When Saracen Casino Resort opens its gaming floor next month, smokers, because of coronavirus restrictions that require masks to be worn in public places, will be obliged to go outside the building to light up, just as is currently required at Saracen Casino Annex.
Five national health organizations -- the American Cancer Society, Americans for Nonsmokers' Rights, American Heart Association, American Lung Association, and the Campaign for Tobacco-Free Kids -- would like to see that enacted as a permanent policy at Saracen as well as two other casinos currently operating in the state; Oaklawn Park Casino in Hot Springs and Southland Casino Racing in West Memphis.
"As businesses re-open across the state and nation, many are considering smoke free policies to protect their workers from secondhand smoke and covid-19 transmission," the organizations said in a joint news release. "Two Arkansas casinos, Oaklawn Park Casino and Southland Casino, have already adopted smoke-free policies as a part of their covid-19 safety protocols. We encourage these casinos to remain permanently smoke-free and for the new Saracen Casino to open and remain permanently smoke-free as well."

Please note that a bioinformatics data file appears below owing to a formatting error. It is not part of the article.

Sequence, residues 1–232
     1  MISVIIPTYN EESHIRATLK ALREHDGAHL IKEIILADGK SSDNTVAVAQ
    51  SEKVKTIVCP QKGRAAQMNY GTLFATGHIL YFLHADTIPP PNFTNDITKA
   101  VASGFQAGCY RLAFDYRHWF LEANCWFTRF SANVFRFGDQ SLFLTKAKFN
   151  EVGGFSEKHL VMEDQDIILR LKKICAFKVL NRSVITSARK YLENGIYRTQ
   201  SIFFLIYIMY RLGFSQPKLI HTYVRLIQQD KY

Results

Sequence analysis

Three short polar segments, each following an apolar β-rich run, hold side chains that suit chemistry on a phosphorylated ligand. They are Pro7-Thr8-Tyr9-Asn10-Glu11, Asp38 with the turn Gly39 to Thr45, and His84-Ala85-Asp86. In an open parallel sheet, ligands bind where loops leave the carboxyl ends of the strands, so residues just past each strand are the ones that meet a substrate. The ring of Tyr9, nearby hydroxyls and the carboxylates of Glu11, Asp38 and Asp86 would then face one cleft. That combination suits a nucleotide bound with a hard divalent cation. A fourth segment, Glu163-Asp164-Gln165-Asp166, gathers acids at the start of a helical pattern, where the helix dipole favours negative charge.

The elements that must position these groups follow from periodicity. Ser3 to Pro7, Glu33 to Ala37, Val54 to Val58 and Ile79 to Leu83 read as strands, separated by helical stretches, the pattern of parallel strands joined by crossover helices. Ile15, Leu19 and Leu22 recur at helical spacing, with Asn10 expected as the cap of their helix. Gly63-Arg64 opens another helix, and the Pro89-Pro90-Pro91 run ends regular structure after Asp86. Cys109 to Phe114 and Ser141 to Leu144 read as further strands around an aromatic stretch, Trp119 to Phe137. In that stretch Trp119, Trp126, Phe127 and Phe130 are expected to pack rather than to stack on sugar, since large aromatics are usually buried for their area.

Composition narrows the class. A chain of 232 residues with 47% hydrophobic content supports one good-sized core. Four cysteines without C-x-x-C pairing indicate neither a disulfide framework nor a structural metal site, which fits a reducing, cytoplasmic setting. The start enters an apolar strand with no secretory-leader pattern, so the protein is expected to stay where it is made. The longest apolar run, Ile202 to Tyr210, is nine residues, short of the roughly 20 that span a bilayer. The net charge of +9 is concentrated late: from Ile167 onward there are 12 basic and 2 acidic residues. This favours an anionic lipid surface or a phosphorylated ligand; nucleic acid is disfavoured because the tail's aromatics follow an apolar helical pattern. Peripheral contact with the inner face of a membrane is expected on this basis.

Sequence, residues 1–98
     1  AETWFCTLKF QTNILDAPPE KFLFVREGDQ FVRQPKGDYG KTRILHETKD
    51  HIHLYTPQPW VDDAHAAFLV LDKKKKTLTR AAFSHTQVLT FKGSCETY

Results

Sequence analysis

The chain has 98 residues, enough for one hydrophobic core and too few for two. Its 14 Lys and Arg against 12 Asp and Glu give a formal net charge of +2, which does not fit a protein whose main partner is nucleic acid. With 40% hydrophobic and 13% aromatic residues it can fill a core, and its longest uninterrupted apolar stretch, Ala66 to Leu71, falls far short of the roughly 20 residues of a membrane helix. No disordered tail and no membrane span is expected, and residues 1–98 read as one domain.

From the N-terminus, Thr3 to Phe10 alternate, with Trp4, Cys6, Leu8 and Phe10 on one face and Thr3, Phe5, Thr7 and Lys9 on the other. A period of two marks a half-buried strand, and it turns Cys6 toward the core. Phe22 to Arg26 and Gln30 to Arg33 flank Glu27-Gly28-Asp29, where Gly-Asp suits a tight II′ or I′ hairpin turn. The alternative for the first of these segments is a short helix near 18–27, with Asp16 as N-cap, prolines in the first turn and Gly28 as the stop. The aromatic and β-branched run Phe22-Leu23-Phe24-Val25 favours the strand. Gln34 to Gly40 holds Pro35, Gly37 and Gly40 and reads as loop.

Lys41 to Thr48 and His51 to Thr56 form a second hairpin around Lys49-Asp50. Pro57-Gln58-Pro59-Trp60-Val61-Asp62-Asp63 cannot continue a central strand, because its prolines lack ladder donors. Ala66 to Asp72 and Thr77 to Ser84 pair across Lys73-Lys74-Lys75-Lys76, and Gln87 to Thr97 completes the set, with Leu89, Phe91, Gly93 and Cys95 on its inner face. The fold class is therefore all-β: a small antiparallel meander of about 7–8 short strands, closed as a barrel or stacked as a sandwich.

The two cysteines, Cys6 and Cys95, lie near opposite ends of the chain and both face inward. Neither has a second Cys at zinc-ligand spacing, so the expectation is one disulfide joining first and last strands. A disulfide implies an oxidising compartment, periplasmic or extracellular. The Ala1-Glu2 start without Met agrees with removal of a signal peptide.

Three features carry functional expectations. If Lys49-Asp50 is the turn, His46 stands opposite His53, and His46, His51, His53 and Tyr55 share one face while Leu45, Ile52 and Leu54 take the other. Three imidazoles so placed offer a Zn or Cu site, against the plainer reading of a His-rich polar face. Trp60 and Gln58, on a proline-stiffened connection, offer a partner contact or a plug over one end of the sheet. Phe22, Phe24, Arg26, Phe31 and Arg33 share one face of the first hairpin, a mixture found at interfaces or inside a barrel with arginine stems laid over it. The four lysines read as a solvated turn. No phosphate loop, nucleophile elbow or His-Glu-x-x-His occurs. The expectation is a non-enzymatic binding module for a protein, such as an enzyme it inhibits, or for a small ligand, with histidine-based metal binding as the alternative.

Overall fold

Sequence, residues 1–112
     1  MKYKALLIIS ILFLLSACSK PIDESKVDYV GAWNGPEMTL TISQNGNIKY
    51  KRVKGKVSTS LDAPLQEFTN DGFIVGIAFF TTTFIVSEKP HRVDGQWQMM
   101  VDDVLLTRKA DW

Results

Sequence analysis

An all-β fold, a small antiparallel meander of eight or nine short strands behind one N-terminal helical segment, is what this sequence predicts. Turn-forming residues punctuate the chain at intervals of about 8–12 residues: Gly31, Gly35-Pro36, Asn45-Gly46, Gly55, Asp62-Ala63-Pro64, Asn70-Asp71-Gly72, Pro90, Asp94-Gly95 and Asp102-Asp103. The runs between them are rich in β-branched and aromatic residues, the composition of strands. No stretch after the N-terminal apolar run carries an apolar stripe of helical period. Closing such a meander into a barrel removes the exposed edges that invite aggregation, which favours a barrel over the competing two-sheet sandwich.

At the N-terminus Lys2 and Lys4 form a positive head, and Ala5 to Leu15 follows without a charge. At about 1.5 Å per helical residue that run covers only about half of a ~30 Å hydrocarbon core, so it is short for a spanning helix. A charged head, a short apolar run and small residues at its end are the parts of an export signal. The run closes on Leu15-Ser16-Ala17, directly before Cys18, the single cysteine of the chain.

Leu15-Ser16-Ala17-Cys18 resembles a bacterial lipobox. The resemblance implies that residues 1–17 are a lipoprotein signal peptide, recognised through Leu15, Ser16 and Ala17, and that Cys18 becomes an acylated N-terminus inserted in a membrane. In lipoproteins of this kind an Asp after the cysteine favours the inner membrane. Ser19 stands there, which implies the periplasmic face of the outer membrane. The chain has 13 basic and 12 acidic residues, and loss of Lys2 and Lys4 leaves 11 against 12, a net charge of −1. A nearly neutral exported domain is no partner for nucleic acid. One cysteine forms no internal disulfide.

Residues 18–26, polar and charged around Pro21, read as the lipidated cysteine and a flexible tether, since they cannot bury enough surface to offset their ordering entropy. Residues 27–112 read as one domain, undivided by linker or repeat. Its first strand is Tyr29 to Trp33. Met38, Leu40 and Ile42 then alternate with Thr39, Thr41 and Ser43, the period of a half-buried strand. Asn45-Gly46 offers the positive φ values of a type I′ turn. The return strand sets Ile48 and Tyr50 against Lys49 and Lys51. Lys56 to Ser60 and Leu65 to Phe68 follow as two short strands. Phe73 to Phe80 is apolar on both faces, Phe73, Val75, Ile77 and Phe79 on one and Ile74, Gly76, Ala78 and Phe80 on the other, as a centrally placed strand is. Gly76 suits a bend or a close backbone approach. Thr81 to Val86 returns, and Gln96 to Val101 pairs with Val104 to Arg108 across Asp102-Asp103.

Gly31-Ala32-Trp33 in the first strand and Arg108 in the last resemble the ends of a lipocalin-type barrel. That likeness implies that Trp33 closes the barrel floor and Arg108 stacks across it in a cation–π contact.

The release said that although scientific evidence presents no link between secondhand smoke exposure and covid-19, the fact that covid-19 is spread through inhalation of aerosolized droplets from an infected person, "transmission risk increases when people engage in behaviors that increase the likelihood of transferring respiratory droplets and when people engage in activities that increase the likelihood of touching their faces or mouths."
Michael Keck, a spokesman for the American Cancer Society Cancer Action Network, said ideally, for the health and safety of both patrons and employees, all workplaces, including casinos, should be smoke free. He said that, in Arkansas, the problem of secondhand smoke is particularly acute.
"Nationally, smoking and tobacco utilization has fallen to about 12%, but in Arkansas it has remained at around 22%," Keck said. "Because of that we have a higher incidence of cancer across the board and we also have higher lung cancer cases and deaths in Arkansas."